September 24 – National Punctuation Day


About the Holiday

Founded in 2004 by Jeff Rubin, National Punctuation Day promotes the correct usage of all those little marks that make reading clearer and more meaningful. Do you ever wonder just how to use the ; and what’s the real difference between – and —? It can all get a little confusing. But misplaced or misused punctuation can result in some pretty funny mistakes—or some serious misinterpretations. Whether you love punctuation, would like to understand it better, or just use it to make emojis, today’s holiday will make you : – ). To find information on the day, resources for using punctuation correctly, and a fun contest to enter, visit Jeff Rubin’s National Punctuation Day website.

Boyds Mills Press sent me a copy of A Bunch of Punctuation to check out. All opinions are my own. 

A Bunch of Punctuation

Poems selected by Lee Bennett Hopkins | Illustrated by Serge Bloch


In the world of writing and reading, the letters of the alphabet seem to get all the acclaim as they create cool words and form captivating sentences. But what about those little marks of punctuation that separate clauses, slow readers down, add mystery and excitement, and even tell readers when they should stop? They’d like a little attention too! In this enchanting collection of poetry, they get it as commas, apostrophes, quotation marks, and all the rest are put center stage—as you will see!

We all know about commas and the quandaries they pose: Is one needed here? Is one needed there? Should I use the Oxford comma? What is an Oxford comma, anyway? Lee Bennett Hopkins offers a lyrical example of a comma’s power in Comma:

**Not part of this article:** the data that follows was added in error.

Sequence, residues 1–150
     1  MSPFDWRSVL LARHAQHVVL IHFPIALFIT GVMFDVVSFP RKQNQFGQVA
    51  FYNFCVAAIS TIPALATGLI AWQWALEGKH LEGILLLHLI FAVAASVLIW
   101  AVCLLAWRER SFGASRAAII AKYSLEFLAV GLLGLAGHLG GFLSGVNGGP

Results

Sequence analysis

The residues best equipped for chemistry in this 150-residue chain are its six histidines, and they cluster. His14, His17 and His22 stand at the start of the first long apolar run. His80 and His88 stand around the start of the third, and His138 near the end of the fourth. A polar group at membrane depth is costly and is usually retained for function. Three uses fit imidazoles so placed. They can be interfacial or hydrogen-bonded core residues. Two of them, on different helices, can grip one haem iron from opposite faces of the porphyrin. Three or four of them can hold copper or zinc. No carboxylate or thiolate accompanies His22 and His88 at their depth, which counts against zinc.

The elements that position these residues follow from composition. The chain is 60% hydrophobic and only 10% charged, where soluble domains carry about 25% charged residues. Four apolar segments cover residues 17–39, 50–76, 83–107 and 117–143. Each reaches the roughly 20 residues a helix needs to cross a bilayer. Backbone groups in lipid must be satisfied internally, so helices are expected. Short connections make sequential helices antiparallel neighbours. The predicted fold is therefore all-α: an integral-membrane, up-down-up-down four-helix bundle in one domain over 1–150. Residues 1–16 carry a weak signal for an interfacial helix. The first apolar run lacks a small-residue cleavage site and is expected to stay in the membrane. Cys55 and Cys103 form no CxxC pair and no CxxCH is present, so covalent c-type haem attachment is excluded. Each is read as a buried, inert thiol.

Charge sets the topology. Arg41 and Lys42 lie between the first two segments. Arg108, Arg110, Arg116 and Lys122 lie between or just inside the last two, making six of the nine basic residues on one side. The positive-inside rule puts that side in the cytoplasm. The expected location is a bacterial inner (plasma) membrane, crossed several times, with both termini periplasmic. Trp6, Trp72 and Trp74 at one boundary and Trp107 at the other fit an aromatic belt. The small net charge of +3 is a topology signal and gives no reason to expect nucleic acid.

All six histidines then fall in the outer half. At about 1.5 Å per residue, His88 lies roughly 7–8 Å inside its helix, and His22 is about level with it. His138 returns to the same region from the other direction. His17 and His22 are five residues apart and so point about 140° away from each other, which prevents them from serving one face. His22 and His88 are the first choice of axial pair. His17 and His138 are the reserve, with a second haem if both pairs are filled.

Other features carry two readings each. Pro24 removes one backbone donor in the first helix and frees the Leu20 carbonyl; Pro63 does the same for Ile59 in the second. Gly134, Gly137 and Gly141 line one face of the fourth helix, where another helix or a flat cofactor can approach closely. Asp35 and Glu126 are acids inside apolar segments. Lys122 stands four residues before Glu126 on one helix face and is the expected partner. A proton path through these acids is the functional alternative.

“A comma / lets you stop, / pause, / enjoy the weather, / unlike a period, / which puts an end / to any / cloudy, / rainy, / snowy, / or sunny day, / at once, / immediately, / forever.”


Image copyright Serge Bloch, 2018, Comma by Lee Bennett Hopkins, 2018. Courtesy of WordSong.

While a comma is a gentle reminder to take a break, in The Dash Charles Ghigna reveals that the little line is—among other things:

“A subdued dude / in tweet and text, / he signals what / is coming next. / The daring dash— / an interruption— / is cause for pause / a clear disruption.”

In Alice Schertle’s five-stanza Forgotten: A Colon’s Complaint, these two little stacked dots just want some respect:

“The comma, incredibly common / butts right into line after line. / Couldn’t there be a small place for me: / just one little sentence that’s mine?”


Image copyright Serge Bloch, 2018, poems selected by Lee Bennett Hopkins, 2018. From Apostrophe by Amy Ludwig VanDerwater. Courtesy of WordSong.

Julie Larios counts up from 1 to 10 and down from 10 to 1 with the most dynamic of punctuation marks in !!!!!!!!—Superhero Kaboom—!!!!!!!!. Just a peek gives us:

“1 big boom! / 2 kapows!! / 3 in a row of wow, wow, wows!!! / 4 kahblooies!!!! / 5 bops and bams!!!!! / 6 gee whizzes!!!!!! / 7 whops and whams!!!!!!!” And what’s at the end of all this excitement? “1 more kaboom, then it’s off to bed!”

Twelve more rhyming and free-verse poems from Rebecca Kai Dotlich, Amy Ludwig VanDerwater, Allan Wolf, J. Patrick Lewis, Michele Krueger, Jane Yolen, Prince Redcloud, Joan Bransfield Graham, and Betsy Franco will have kids looking at punctuation in new and creative ways. A final poem by Lee Bennett Hopkins invites children (and adults) to write their own poems based on four thought-provoking prompts, such as:

“Can you write poems posing questions / like who, what, where, / when, how, and why?” and “Can you write poems causing / words such as: / Whoopee! / Whee! / Wha-hoo! / to look as if they are / leaping off pages?”


Image copyright Serge Bloch, 2018, poems selected by Lee Bennett Hopkins, 2018. From A Punctuation Tale by Rebecca Kai Dotlich. Courtesy of WordSong.

Lee Hopkins Bennett gathers a group of the most inventive and popular poets for children in this collection that turns learning about punctuation into a flight of fancy, a comical romp, and an all-around engaging way to learn how these tiny show-stoppers work on a page. Each poem will spark discussions and “Ah-ha” moments about the function of punctuation and will make a grammar lesson one of the most eagerly anticipated classes of the day.